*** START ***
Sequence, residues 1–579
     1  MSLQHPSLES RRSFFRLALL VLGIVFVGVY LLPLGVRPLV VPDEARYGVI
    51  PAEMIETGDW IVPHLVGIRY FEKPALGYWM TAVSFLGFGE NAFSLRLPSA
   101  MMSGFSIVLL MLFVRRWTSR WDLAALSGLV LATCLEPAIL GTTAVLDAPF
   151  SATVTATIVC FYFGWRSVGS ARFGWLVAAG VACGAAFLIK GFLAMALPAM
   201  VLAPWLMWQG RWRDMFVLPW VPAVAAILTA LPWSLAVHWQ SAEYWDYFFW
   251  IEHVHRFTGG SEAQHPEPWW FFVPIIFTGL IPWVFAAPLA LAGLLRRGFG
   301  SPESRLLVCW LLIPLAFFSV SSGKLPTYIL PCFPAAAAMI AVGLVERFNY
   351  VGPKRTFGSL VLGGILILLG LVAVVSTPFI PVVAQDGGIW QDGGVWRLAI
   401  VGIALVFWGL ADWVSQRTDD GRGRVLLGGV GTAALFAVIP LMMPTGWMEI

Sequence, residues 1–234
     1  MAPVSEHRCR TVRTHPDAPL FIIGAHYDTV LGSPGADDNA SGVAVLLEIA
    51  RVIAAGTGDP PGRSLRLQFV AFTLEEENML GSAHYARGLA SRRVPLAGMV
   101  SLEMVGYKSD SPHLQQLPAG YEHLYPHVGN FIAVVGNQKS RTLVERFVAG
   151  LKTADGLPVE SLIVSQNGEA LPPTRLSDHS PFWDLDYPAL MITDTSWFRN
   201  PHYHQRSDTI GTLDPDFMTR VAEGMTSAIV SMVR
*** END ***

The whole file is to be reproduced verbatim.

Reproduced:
Sequence, residues 1–579
     1  MSLQHPSLES RRSFFRLALL VLGIVFVGVY LLPLGVRPLV VPDEARYGVI
    51  PAEMIETGDW IVPHLVGIRY FEKPALGYWM TAVSFLGFGE NAFSLRLPSA
   101  MMSGFSIVLL MLFVRRWTSR WDLAALSGLV LATCLEPAIL GTTAVLDAPF
   151  SATVTATIVC FYFGWRSVGS ARFGWLVAAG VACGAAFLIK GFLAMALPAM
   201  VLAPWLMWQG RWRDMFVLPW VPAVAAILTA LPWSLAVHWQ SAEYWDYFFW
   251  IEHVHRFTGG SEAQHPEPWW FFVPIIFTGL IPWVFAAPLA LAGLLRRGFG
   301  SPESRLLVCW LLIPLAFFSV SSGKLPTYIL PCFPAAAAMI AVGLVERFNY
   351  VGPKRTFGSL VLGGILILLG LVAVVSTPFI PVVAQDGGIW QDGGVWRLAI
   401  VGIALVFWGL ADWVSQRTDD GRGRVLLGGV GTAALFAVIP LMMPTGWMEI

Sequence, residues 1–234
     1  MAPVSEHRCR TVRTHPDAPL FIIGAHYDTV LGSPGADDNA SGVAVLLEIA
    51  RVIAAGTGDP PGRSLRLQFV AFTLEEENML GSAHYARGLA SRRVPLAGMV
   101  SLEMVGYKSD SPHLQQLPAG YEHLYPHVGN FIAVVGNQKS RTLVERFVAG
   151  LKTADGLPVE SLIVSQNGEA LPPTRLSDHS PFWDLDYPAL MITDTSWFRN
   201  PHYHQRSDTI GTLDPDFMTR VAEGMTSAIV SMVR